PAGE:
People returning to Cowley County from certain states and countries will be under an isolation order to stop the potential spread of the coronavirus.
The order also applies to people who have had close contact with confirmed or suspected COVID-19 cases.
Public Health Officer Thomas Langer on Thursday issued a press release announcing the order that requires those people to remain in a place of isolation for two weeks or until contagion can be ruled out, according to the release.
“The probability of local residents contracting this illness remains low, but our overall risk level may be increasing as people who have traveled return home,” the release states.
In a phone interview, Langer added that the order comes out of an abundance of caution. He wasn’t sure if other counties in the region are doing the same thing.
“We do not want to spread this, especially to our elderly community where so far this has proven to be pretty devastating,” Langer said.
Also, hospitals and other health providers could become overwhelmed if the virus spreads quickly, like it has in other locations such as China and Italy.
People will be coming back from spring break trips soon and also leaving on trips as well, Langer said. Both Cowley College and Ark City public schools are on break this week; Winfield public schools are off next week.
“Our big concerns now is what may have they been exposed to, and what are they bringing back,” Langer said.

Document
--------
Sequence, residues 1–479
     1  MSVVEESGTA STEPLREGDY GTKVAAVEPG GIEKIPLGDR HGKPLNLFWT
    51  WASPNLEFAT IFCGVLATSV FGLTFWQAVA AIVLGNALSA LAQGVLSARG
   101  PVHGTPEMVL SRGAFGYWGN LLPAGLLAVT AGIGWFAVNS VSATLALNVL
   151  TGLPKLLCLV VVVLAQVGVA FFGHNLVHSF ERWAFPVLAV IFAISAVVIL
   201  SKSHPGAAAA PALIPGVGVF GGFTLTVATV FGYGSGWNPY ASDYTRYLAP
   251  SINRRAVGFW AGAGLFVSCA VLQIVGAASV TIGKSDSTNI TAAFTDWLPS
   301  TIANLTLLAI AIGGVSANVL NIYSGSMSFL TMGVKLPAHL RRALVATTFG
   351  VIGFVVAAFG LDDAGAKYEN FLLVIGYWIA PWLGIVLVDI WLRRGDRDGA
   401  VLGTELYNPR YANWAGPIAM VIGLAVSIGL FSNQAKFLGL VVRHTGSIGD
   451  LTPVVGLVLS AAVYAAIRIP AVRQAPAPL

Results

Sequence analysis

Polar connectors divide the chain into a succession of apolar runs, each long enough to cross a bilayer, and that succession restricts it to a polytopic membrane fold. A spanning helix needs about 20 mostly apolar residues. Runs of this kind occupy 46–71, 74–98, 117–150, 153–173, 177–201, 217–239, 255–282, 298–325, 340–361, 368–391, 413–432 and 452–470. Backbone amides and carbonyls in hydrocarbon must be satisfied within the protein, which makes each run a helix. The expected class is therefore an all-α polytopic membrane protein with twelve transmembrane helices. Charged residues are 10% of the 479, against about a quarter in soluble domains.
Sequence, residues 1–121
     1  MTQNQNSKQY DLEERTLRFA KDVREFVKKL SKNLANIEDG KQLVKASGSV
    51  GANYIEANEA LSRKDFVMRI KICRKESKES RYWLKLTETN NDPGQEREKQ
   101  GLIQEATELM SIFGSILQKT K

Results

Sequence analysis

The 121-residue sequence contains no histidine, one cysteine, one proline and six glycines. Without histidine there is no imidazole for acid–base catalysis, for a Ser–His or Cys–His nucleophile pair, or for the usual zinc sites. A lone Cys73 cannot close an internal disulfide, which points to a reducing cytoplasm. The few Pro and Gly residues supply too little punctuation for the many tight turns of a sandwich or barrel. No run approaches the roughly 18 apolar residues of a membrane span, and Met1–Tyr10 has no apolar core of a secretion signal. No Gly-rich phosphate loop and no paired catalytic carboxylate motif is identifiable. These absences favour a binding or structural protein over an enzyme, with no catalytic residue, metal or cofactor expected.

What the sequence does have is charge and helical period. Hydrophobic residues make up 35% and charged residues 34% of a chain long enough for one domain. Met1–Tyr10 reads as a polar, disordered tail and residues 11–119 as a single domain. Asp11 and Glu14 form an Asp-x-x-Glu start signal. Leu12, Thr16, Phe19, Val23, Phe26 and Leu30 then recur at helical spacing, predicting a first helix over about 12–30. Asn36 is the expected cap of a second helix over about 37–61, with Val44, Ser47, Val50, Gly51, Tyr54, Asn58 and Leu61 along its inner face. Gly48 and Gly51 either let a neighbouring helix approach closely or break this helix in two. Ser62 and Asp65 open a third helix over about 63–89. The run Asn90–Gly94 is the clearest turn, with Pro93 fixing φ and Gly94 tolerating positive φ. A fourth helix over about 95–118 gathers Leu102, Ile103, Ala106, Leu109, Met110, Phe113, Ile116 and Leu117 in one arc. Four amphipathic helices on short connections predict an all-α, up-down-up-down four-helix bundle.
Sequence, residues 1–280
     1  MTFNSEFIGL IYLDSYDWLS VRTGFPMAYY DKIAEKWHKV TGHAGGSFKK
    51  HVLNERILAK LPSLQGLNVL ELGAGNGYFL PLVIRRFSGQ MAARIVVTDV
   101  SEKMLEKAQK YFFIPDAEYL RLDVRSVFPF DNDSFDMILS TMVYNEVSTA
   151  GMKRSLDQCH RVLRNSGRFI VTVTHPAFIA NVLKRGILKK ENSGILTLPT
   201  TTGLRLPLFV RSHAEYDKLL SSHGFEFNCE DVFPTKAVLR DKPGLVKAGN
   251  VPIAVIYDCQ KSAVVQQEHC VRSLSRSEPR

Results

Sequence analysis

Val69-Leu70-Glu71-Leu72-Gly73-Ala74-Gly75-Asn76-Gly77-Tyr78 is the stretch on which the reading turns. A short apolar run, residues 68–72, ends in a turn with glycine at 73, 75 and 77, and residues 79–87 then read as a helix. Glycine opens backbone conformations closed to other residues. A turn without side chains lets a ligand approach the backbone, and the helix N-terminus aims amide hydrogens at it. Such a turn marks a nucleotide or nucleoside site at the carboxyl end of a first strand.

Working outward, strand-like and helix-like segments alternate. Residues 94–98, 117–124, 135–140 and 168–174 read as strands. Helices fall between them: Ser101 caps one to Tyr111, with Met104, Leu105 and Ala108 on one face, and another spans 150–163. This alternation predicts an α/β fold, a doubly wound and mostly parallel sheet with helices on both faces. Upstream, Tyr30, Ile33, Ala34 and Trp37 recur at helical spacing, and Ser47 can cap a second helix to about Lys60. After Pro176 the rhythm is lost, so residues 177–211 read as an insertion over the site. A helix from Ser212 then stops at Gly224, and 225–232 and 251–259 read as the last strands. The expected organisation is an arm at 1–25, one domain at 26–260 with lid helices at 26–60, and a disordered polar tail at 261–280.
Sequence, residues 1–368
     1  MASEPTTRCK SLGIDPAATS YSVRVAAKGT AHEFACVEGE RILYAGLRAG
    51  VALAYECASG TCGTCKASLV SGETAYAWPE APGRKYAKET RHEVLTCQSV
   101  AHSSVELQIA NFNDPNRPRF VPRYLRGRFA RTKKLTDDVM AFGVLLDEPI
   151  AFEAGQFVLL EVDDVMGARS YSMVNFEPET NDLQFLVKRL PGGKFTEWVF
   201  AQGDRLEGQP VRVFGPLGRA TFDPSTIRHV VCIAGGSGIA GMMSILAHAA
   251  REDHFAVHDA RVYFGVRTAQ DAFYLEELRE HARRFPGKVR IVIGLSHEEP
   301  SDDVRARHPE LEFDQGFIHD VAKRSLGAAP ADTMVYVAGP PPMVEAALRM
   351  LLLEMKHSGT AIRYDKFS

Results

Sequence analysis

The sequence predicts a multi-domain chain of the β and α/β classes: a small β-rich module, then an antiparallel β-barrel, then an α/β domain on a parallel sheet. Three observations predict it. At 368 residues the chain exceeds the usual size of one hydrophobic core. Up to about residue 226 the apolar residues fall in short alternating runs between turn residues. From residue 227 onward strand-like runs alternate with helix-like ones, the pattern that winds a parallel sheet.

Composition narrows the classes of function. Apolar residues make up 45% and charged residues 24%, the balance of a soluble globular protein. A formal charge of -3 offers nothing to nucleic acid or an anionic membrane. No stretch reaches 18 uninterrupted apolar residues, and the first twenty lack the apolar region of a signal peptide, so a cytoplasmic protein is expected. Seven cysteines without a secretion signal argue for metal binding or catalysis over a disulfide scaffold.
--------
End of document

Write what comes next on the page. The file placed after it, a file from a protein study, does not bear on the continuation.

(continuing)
Those subject to the isolation order, which was effective as of Thursday, include people who:
• has traveled overseas from countries listed by the CDC as level 3 and 2;
• has had direct contact with somebody suspected of having or diagnosed with COVID-19;
• has recently have been to states with ongoing person-to-person transmission, which as of Thursday was Florida, New York, California or Washington.
“I know for a fact that we have people that may have gone to those areas, especially over spring break,” Langer said.
Those people would be asked to stay home and to avoid large gatherings. There is legal authority to enforce such an order, Langer said, but he added “that’s not the plan” and hopes to rely on people’s altruism.
“Physicians and other health care providers are authorized to restrict individuals to isolation in the home until confirmation that latent illness does not exist can be had,” the release states.
Those isolated would be monitored remotely and asked to chart their temperature and report any signs of illness, Langer said.
If symptoms did appear, the person would be taken for testing in an isolated fashion, Langer said. People who test positive could return home but would remain under isolation.
Should I go places?
Langer said Thursday that he does not see a need yet to cancel local events, because there are no known cases here and no known person-to-person transmission.
“We’re going to be hopeful, but we’re going to be guarded,” he said.
The mortality rate is highest among those 70 and older and those with existing problems such as COPD, lung disease or undergoing chemotherapy, he said. On the flip side, children age 0-9 have shown no infection so far, although they could be carriers.
It is still cold and flu season, and now allergy season, which can complicate when people think they should get checked out.
Langer said those with a high fever (more than 101 degrees) and a painful, dry cough should contact a health care provider. The onset of those symptoms is usually fast, he said. Test will be done to rule out things like flu and respiratory virus before a COVID-19 test is ordered, he said.
“It’s multi-faceted and there’s a lot of layers and there’s a lot of protocol to try to follow, so that we can do this in professional logical and a nonthreatening fashion (to) folks, he said. “I just don’t want them to freak out.”